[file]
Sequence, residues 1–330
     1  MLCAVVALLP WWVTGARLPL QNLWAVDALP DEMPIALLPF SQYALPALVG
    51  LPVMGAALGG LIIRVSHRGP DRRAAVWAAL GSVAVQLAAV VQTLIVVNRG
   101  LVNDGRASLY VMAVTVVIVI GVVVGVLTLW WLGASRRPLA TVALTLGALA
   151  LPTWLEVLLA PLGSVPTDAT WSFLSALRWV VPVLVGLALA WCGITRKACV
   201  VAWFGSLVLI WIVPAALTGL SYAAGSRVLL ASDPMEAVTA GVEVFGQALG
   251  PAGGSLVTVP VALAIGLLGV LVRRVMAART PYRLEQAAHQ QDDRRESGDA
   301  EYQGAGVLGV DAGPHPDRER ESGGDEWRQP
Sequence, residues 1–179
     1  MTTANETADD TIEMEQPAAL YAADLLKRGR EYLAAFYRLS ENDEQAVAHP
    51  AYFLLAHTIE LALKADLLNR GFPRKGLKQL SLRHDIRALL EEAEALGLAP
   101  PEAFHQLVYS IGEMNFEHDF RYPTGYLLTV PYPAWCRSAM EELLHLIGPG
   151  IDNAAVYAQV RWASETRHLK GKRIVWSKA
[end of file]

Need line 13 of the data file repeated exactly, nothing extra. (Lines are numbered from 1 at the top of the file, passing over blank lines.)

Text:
   151  IDNAAVYAQV RWASETRHLK GKRIVWSKA